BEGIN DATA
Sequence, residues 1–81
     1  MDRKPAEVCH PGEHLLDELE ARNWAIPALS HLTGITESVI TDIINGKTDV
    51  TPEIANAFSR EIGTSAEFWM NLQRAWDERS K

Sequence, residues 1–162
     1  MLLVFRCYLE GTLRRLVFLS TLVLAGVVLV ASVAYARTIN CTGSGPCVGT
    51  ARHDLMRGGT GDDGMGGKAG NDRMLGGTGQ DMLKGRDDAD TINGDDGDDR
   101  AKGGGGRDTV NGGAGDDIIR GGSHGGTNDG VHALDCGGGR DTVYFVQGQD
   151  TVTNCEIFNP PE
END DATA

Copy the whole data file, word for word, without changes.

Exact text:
Sequence, residues 1–81
     1  MDRKPAEVCH PGEHLLDELE ARNWAIPALS HLTGITESVI TDIINGKTDV
    51  TPEIANAFSR EIGTSAEFWM NLQRAWDERS K

Sequence, residues 1–162
     1  MLLVFRCYLE GTLRRLVFLS TLVLAGVVLV ASVAYARTIN CTGSGPCVGT
    51  ARHDLMRGGT GDDGMGGKAG NDRMLGGTGQ DMLKGRDDAD TINGDDGDDR
   101  AKGGGGRDTV NGGAGDDIIR GGSHGGTNDG VHALDCGGGR DTVYFVQGQD
   151  TVTNCEIFNP PE